The life of the ever-optimistic children’s TV personality Mr. Rogers is the focus of a new documentary entitled Won’t You Be My Neighbor? There’s been a resurgence in interest in his program, Mister Rogers’ Neighborhood, and the man behind it since then. His widow, on the other hand, has some more intriguing details about his life that fans may not have known.
Don’t be concerned, he hasn’t done anything to sully his shining reputation or illustrious history.
Fred and Joanne Rogers were married for 51 years until he died in 2003, aged 74. Over the course of their marriage, they had a lifetime of love and friendship, which his passing has revealed to be the same kind and caring individual that he was on TV.
Joanne, now 90 years old, has assisted in the film’s promotion by stopping by the Today show to discuss how her late husband Fred proposed to her after he moved away from Florida to New York.
Their distance, however, required a unique approach from John: “He wrote me a letter. My last year at Florida State, he wrote me a letter proposing marriage.” How could she refuse?
Another fascinating element about Fred was his preoccupation with the number 143, as revealed by Joanne. She said: “He really wanted to remain at 143 [pounds] all of his life — all of his adult life, I should say. Especially after he started swimming; he swam every day.”
Joanne added: “He was very pleased when he would get out of swimming, go and get on the scale: 143. One was I, 4 was L-O-V-E, 3 was Y-O-U. He had enough love to go around.”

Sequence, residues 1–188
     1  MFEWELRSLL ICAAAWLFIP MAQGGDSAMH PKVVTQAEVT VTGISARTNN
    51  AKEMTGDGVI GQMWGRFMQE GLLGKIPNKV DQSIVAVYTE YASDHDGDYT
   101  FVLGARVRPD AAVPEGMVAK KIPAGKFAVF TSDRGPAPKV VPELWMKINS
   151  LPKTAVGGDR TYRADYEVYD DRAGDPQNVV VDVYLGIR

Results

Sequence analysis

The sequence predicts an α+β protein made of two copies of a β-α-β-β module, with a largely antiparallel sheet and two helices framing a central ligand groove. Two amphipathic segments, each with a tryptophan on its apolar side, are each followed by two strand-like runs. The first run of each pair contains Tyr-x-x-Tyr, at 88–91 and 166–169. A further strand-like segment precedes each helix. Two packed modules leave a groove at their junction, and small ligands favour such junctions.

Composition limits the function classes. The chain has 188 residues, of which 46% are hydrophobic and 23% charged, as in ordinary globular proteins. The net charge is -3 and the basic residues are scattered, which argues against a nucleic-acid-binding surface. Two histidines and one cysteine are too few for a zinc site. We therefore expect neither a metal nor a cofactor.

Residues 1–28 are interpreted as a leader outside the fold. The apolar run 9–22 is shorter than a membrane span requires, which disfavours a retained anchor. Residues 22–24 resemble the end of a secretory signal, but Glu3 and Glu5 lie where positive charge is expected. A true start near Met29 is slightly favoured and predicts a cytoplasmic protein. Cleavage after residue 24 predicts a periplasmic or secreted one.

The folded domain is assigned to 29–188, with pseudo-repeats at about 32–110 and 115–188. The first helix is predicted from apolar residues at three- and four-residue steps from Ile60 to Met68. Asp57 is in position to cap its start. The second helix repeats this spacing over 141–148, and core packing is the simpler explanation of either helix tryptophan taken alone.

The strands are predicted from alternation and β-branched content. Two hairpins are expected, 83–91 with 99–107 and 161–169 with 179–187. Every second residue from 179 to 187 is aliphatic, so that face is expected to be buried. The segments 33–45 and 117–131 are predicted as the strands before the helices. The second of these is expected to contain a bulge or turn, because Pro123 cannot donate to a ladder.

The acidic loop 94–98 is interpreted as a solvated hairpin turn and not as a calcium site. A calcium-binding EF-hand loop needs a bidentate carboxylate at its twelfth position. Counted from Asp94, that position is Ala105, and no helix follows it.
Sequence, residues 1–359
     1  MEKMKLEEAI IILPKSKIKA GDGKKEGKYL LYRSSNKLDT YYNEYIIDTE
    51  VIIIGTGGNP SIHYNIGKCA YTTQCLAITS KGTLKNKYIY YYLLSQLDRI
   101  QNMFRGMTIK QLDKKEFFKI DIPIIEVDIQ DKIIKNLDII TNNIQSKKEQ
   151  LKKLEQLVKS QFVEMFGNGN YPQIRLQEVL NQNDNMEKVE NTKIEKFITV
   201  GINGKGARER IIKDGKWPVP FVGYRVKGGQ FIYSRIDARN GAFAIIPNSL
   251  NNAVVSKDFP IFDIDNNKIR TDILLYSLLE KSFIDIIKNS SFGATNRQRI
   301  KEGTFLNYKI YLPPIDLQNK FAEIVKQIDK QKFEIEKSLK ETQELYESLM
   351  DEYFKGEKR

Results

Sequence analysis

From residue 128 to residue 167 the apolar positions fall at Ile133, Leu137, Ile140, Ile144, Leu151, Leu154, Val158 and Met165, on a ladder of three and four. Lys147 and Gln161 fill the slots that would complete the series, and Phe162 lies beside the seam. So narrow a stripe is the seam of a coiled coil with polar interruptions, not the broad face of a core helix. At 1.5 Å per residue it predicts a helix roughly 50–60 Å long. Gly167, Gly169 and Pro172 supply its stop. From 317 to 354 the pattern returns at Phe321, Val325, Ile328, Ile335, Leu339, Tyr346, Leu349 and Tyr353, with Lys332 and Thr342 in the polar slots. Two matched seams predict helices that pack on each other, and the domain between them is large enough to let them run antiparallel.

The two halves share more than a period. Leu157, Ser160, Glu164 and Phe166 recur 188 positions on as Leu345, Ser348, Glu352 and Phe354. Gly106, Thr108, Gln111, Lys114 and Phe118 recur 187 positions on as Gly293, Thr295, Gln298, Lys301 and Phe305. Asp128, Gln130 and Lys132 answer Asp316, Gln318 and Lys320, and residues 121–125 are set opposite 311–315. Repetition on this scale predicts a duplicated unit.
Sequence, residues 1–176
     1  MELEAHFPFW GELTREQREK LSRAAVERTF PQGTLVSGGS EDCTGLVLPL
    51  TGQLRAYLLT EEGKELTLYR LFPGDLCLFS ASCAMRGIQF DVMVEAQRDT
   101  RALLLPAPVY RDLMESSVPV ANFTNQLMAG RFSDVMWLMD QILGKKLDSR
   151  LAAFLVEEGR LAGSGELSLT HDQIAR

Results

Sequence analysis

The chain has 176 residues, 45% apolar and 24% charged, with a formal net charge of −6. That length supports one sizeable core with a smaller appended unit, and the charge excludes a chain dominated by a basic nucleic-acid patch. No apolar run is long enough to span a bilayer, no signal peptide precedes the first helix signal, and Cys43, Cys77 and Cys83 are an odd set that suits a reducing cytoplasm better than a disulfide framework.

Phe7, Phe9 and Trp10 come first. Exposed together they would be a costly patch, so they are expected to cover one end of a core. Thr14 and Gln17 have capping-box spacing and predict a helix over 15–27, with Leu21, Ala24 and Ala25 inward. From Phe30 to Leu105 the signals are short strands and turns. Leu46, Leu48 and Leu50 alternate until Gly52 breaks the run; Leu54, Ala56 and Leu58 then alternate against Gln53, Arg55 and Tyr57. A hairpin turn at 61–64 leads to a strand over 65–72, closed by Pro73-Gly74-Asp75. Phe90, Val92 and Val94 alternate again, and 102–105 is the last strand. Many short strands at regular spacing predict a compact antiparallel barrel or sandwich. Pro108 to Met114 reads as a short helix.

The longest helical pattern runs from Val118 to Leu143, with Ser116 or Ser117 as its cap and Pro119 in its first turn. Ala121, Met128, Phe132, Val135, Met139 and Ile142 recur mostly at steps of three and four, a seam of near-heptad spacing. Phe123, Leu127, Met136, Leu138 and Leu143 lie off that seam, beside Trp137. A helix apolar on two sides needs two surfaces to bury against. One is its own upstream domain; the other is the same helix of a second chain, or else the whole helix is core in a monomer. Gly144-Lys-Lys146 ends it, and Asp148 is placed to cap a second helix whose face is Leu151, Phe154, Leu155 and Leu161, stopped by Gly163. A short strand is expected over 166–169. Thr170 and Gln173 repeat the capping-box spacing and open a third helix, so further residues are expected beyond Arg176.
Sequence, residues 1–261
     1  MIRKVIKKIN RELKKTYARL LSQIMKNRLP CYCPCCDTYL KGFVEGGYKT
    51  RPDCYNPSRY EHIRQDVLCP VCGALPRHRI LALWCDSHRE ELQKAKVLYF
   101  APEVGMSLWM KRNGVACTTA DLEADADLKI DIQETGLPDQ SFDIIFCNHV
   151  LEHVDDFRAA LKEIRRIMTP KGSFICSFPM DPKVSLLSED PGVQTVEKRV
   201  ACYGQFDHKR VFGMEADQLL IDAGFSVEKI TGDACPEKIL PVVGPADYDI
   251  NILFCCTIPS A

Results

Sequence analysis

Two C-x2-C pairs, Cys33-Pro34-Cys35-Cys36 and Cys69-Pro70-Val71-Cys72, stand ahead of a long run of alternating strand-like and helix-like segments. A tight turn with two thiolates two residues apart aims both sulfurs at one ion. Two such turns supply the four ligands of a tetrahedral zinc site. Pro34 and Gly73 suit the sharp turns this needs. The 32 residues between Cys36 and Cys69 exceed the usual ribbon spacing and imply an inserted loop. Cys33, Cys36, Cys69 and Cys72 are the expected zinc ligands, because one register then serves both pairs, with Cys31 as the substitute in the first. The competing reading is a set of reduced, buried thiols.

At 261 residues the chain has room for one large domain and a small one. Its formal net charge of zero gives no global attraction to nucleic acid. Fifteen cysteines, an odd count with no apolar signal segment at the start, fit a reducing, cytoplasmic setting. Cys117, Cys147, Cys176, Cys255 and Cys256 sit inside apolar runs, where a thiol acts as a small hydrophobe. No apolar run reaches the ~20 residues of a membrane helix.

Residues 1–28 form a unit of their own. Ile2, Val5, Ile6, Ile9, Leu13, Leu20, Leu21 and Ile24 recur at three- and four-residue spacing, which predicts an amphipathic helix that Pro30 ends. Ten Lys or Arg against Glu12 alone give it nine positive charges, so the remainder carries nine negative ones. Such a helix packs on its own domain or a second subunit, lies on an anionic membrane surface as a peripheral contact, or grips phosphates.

Joanne also spoke about his earlier days, saying that “he was lively and full of fun,” but he was also very open “he talked about his feelings, and I could talk about my feelings to him and the things that bothered us, the things that we loved.”
She added, “You can’t build a friendship without doing that. And don’t you have to have a friendship to fall back on in your married life? We had it for 50 years. That was nice.”
His widow, also discussed his last days before he died of stomach cancer, stating that “There was a feeling of real relief when I could say to him, ‘You know, we’re going to be OK. We’re going to be all right.”
“The boys will be fine, and I’m going to try to be fine.’ So when he went, I could feel he went at peace and even with joy. I really feel he went with joy,” she said.
In addition, Joanne stated that Fred wanted to bring awareness to his viewers and the importance of acceptance and inclusivity to his stories. On one episode, Officer Clemmons was instructed to immerse his feet in the kid’s pool by Fred. She said: “At that time in history, white people didn’t want African Americans in their swimming pools. And so they were pouring acid and all kinds of bad things in to keep them out. Fred knew about that. This was having to do with that.”